Italy utility back Ezio Galon is delighted to be back in the Azzurri fold after missing the opening two RBS 6 Nations Championship games through injury.
Galon, who can play at either wing or centre, was forced to sit out the matches against Ireland and England because of a knee injury but the 28-year-old has now returned to the squad ahead of this weekend's clash with France.
It remains to be seen whether Galon - who was a first-choice selection for coach Pierre Berbizier in the November Tests - can win a spot in the Italy starting line-up in Paris but the Parma ace admits he is just content to be back involved.
"I'm very happy to be part of this team again," he said.
"I trained hard after the injury and I'm proud to be included in this wonderful group. I hoped to be recalled but to be honest I did not think it would happen this week for the difficult game against Les Bleus."
He added: "It doesn't matter if in the end I do not play but I will do everything I can to remain with this group - stay on the bench, even go in the stands, it is just wonderful to be here."
Galon's prospects of starting against the French will not have been helped by two impressive performances by the Azzurri in his absence.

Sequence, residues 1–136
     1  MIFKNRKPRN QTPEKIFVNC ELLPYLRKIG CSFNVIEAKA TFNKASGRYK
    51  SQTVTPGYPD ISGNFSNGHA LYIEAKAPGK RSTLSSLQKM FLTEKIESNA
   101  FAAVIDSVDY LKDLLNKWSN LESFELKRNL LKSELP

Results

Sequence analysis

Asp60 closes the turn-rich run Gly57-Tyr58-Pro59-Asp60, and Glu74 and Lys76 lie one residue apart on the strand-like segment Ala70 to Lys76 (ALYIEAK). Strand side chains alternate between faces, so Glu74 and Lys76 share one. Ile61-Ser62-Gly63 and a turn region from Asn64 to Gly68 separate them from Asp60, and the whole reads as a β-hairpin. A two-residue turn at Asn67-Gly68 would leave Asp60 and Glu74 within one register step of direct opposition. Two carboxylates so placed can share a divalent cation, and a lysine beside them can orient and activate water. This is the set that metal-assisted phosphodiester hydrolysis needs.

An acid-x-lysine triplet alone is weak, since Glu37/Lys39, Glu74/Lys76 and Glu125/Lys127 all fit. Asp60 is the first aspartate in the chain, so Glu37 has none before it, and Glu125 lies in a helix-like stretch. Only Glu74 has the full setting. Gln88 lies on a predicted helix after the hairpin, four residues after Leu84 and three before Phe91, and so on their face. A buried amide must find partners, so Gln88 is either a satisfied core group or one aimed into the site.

In their opening match, Italy were unfortunate to lose 26-16 against Ireland while they also gave reigning world champions England a run for their money in their second outing in Rome before going down 31-16.
Captain Marco Bortolami admits the game against England on February 11 was probably the most physically demanding game of his career but after appearing for club side Narbonne last weekend, there appears to have been no lasting effects for the second row.
"I don't feel any problems at all," he said.
"The game against England was hard. It was the hardest I have played in my entire career. I needed three days to recover from it."
Meanwhile, Italy coach Berbizier has drafted second row Valerio Bernabo into his training squad ahead of the France clash, taking the total of players up to 25.
Before Will Greenwood started breaking down moves off the field, he was doing the business on it - and no match better illustrated the type of marauding centre he was than in a virtuoso performance against Wales.